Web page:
Moth populations

I’ve been reading a lot about decreases in insect populations, which seems like a fairly vague statement. There are a huge number of insect species. I know people ‘trap’ moths, and have done so for a number of years. I was wondering if those folks have a sense that they are getting less at their light traps. Obviously this would be a subjective assessment, but the trajectory might lead to something (if there is one), especially if the person uses the same site for a long time.
I have no idea how to quantify such data, but I would be interested to know if people have noticed any change.

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Ohio has had concerted survey efforts via standardized transects thanks to the many volunteers at the Ohio Lepidopterists. Though they focused only on butterflies (aka the popular moths), their findings weren’t inspiring. See: https://journals.plos.org/plosone/article?id=10.1371/journal.pone.0216270

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https://journals.plos.org/plosone/article?id=10.1371/journal.pone.0185809 this is a study from Munich, Germany, done accross many years. Those findings are concerning.

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Hello @boguo, welcome to the forum!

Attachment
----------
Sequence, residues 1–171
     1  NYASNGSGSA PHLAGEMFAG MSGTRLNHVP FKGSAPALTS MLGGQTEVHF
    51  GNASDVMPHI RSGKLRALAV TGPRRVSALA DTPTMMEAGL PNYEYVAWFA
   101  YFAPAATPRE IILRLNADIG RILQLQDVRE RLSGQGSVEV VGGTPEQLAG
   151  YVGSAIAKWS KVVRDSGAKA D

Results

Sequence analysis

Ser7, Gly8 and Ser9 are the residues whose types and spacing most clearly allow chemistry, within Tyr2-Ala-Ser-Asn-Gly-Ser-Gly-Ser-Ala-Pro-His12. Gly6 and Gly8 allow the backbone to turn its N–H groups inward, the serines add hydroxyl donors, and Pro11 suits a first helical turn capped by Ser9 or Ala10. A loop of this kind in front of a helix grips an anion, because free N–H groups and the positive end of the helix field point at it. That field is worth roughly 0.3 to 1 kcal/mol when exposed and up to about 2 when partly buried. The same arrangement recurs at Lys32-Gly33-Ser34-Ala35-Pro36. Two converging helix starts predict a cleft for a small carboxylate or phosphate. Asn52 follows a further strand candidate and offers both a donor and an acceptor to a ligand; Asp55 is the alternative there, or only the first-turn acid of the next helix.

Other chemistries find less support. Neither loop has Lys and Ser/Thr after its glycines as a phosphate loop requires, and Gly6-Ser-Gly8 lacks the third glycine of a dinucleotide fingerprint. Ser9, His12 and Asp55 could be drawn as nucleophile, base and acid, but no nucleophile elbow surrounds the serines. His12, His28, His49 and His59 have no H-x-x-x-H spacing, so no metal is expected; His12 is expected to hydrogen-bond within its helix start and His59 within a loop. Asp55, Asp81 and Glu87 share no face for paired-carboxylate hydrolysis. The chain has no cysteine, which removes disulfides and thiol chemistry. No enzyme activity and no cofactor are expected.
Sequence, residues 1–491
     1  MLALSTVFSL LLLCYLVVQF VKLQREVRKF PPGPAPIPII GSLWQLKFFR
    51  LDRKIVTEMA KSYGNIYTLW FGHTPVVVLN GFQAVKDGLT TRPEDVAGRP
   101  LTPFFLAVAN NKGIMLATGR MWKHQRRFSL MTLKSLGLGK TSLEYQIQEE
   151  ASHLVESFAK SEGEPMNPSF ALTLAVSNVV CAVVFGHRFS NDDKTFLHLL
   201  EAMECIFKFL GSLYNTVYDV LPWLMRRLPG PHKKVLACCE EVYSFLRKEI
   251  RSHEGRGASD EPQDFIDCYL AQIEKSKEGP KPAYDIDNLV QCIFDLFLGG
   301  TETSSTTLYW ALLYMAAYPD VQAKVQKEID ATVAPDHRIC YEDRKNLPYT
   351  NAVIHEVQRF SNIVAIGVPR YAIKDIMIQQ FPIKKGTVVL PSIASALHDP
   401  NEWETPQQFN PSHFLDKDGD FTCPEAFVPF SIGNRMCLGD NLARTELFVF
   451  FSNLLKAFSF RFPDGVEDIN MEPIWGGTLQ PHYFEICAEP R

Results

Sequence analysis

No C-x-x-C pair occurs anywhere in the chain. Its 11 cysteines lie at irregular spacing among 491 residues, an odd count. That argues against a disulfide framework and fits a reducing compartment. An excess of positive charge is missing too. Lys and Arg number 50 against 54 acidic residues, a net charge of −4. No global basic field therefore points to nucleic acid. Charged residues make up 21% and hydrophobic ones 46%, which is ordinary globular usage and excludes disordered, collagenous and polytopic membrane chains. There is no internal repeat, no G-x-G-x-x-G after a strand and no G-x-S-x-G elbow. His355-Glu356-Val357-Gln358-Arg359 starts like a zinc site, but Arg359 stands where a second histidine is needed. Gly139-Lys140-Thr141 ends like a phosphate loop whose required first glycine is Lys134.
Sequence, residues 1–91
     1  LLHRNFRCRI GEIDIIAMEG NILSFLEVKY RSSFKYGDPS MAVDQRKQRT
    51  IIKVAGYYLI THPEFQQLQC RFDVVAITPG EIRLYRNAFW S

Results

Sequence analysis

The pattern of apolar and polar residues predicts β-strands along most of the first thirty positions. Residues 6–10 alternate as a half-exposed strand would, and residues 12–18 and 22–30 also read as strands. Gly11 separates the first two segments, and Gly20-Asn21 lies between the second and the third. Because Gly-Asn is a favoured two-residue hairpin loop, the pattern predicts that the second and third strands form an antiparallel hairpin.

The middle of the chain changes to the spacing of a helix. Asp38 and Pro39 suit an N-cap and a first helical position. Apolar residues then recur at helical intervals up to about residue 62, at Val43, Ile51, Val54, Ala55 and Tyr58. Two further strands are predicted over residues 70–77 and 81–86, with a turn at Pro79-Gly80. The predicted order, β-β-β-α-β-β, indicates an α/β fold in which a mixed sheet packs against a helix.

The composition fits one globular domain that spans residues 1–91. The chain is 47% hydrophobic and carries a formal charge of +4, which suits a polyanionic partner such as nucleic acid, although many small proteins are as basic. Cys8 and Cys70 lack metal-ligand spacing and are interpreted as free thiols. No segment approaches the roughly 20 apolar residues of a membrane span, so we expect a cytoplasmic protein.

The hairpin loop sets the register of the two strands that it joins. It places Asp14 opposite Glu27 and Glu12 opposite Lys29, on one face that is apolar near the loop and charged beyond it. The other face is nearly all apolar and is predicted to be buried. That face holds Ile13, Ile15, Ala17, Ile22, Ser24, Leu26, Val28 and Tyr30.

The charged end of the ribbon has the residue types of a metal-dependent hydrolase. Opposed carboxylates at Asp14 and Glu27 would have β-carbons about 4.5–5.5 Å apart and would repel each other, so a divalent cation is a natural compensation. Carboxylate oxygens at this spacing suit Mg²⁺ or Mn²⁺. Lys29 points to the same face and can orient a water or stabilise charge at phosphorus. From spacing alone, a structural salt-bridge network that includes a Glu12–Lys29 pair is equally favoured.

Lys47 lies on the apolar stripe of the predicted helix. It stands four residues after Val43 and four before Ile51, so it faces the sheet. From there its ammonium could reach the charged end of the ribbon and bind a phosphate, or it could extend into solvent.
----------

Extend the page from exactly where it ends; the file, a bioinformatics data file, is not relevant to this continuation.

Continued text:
They certainly are! Thanks for the link.

Welcome to the forum, and thank you for the link. I’m not a hard science person, but the variability in capture years and positions raises some questions for me. And unless I’m missing something (probably) the species caught are not listed.

To my mind, this seems like a thorough study. Very concerning.

Of course this is “casual” evidence (Gulf Coast United States), but some of the local enthusiasts on moths/caterpillars in general have remarked on the lower numbers of them to be found this year over the last 3-5 years.

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Insects often have very fluctuated numbers, this year there’re 100 and second there’s 2, but next one 100 again. Also it depepnds on ecotope changes, e.g.Parnassius apollo population in Moskow region completely dissappeared mostly just because of vanishing its host plant species Sedum from places where it was found before.